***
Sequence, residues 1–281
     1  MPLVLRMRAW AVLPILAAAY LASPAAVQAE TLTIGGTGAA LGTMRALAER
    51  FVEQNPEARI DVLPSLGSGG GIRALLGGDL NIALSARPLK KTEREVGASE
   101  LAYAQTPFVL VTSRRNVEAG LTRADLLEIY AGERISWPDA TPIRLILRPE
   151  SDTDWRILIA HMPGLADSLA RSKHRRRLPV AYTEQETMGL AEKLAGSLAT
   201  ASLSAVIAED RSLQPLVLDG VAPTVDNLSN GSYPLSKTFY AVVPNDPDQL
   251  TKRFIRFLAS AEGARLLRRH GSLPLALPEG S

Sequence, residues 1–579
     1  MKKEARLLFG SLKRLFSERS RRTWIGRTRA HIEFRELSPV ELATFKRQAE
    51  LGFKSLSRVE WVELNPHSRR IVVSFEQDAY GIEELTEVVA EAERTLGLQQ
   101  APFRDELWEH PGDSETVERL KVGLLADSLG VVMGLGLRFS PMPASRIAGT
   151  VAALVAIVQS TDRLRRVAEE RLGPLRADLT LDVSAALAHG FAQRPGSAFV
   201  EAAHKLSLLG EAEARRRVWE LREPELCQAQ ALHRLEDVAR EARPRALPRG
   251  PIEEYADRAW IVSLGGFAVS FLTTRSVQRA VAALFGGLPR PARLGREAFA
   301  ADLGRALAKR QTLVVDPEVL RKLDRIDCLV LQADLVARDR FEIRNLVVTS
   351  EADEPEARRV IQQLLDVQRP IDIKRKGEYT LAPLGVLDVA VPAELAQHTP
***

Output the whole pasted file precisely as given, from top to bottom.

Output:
Sequence, residues 1–281
     1  MPLVLRMRAW AVLPILAAAY LASPAAVQAE TLTIGGTGAA LGTMRALAER
    51  FVEQNPEARI DVLPSLGSGG GIRALLGGDL NIALSARPLK KTEREVGASE
   101  LAYAQTPFVL VTSRRNVEAG LTRADLLEIY AGERISWPDA TPIRLILRPE
   151  SDTDWRILIA HMPGLADSLA RSKHRRRLPV AYTEQETMGL AEKLAGSLAT
   201  ASLSAVIAED RSLQPLVLDG VAPTVDNLSN GSYPLSKTFY AVVPNDPDQL
   251  TKRFIRFLAS AEGARLLRRH GSLPLALPEG S

Sequence, residues 1–579
     1  MKKEARLLFG SLKRLFSERS RRTWIGRTRA HIEFRELSPV ELATFKRQAE
    51  LGFKSLSRVE WVELNPHSRR IVVSFEQDAY GIEELTEVVA EAERTLGLQQ
   101  APFRDELWEH PGDSETVERL KVGLLADSLG VVMGLGLRFS PMPASRIAGT
   151  VAALVAIVQS TDRLRRVAEE RLGPLRADLT LDVSAALAHG FAQRPGSAFV
   201  EAAHKLSLLG EAEARRRVWE LREPELCQAQ ALHRLEDVAR EARPRALPRG
   251  PIEEYADRAW IVSLGGFAVS FLTTRSVQRA VAALFGGLPR PARLGREAFA
   301  ADLGRALAKR QTLVVDPEVL RKLDRIDCLV LQADLVARDR FEIRNLVVTS
   351  EADEPEARRV IQQLLDVQRP IDIKRKGEYT LAPLGVLDVA VPAELAQHTP